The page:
Anyone who knows me will attest to my status as an Apple fanboy. (I type this on my new 11″ MacBook Air, which I managed to resist purchasing for a full week after it was announced.) Hopefully they’ll also attest to my ability to put consumer preference aside when considering logical arguments because today I want to suggest to you that Apple’s business strategy is good for the open internet.
Apple has come under fire by some supporters of an open internet and open software platforms such as Jonathan Zittrain and Tim Wu, who argue that Apple’s walled garden approach to devices and software will lead us to a more controlled and less innovative world. In particular, they point to the app store and Apple’s zealous control over what apps consumers are allowed to purchase and run on their devices. Here’s the thing, though: Every Apple device comes with a web browser. A web browser is an escape hatch from Apple’s walled garden. And Apple has taken a backseat to no one in nurturing an open web. Consider this:
- Apple created *and open-sourced* Webkit, arguably the most modern and standards-compliant web rendering engine now available. It serves as the basis for the Safari and Google Chrome browsers on desktops and the iPhone, Android, WebOS, and Blackberry browsers on mobile devices. Why is that important? Because its strict adherence to HTML5 and related standards has allowed developers to make cross-platform applications (Like Google Docs and GMail) without worrying about proprietary extensions like those of Microsoft and Adobe. In fact, Webkit’s success is in large part responsible for Explorer’s decline and pressure on Microsoft to become more standards compliant.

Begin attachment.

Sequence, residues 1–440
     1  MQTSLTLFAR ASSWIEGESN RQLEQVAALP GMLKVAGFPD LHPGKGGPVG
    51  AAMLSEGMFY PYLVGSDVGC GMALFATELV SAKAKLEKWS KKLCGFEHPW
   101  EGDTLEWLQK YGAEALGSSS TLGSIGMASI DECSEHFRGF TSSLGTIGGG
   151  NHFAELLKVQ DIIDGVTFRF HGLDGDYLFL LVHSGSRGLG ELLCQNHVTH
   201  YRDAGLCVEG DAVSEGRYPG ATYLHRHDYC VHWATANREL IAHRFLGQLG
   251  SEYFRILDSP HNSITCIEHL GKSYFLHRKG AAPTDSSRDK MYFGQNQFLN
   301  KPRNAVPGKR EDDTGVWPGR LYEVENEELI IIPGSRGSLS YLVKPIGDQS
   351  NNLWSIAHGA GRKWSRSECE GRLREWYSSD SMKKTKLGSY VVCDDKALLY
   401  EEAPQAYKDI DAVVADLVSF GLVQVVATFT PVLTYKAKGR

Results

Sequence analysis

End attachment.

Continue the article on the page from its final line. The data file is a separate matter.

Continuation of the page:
Will Apple ever see the open web as a threat to its walled garden? I’m not sure why they would. You’re still going to need a device to take advantage of web apps, and Apple is in the business of selling devices. What Apple does care about is making sure the web runs on open standards, so that they can’t be locked out and so that the web experience is no better on any other platform. If they can make sure that’s the case, then they can compete on another margin, namely what they’re good at: excellent devices and their vertical, integrated, curated software and media ecosystem.
Now, that strategy didn’t work for AOL. If you could get the web anywhere, why would you pay extra for curated Time-Warner content? I think there are differences. The web was an afterthought for AOL and it showed, and what AOL was offering for a premium was not very different from what was available for free on the web. But whether it works out for Apple or not, it’s closed business model is not only perfectly compatible with an open and “generative” web, but it’s in Apple’s interest to foster it and we’ve seen them do just that.